Not-in-My-Backyard (NIMBY) Attitudes towards Refugee Resettlement
Yasuko Hiraoka Myer Room, Level 1
Sidney Myer Asia Centre
The number of refugees – people who have been forced to leave their country due to civil war, violence, or persecution – is rapidly growing. The refugee crisis is an immediate problem that necessitates international coordination, but many developed countries are reluctant to accept refugees for resettlement.
Restrictive government policies may partly be attributed to anti-refugee sentiment among the public. News media sources and political party leaders have increasingly portrayed refugees as potential security threats, explicitly or implicitly. Opposition to refugees may also be attributed to citizens' intrinsic not-in-my-backyard (NIMBY) attitudes. Namely, they oppose refugee resettlement in their country, and even more strongly oppose refugee resettlement in their local community, while supporting (or, at least, less strongly opposing) resettlement in other countries.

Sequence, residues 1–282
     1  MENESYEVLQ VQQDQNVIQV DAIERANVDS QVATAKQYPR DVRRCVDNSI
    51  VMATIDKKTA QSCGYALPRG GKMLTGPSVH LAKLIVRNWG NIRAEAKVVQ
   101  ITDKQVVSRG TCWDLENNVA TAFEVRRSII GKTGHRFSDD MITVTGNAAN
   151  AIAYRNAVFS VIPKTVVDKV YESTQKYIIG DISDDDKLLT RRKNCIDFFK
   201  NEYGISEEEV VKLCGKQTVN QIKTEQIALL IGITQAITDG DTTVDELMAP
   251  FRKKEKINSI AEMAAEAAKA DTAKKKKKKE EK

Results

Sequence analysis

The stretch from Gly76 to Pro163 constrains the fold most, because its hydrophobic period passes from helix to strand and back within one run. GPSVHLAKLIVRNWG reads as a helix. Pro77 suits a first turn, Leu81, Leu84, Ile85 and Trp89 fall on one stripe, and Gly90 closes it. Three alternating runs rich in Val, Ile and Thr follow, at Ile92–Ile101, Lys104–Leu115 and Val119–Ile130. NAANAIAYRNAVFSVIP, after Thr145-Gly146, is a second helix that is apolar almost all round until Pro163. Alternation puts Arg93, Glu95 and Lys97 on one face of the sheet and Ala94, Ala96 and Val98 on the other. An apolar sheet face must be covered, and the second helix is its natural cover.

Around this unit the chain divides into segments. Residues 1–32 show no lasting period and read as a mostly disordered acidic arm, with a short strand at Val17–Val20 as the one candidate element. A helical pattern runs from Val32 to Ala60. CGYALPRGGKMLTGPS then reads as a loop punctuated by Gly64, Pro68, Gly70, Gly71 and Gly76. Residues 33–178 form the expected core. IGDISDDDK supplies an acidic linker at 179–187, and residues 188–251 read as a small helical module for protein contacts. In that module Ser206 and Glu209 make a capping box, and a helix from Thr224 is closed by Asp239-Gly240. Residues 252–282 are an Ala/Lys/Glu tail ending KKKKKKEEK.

In this seminar, Professor Horiuchi will present the results of several randomised experiments undertaken in the United States and Japan that aimed to examine the origins of people's opposition to refugee resettlement and discuss policy implications.
This will be the fourth talk in the Inagaki seminar series marking the Centenary of Japanese Language teaching.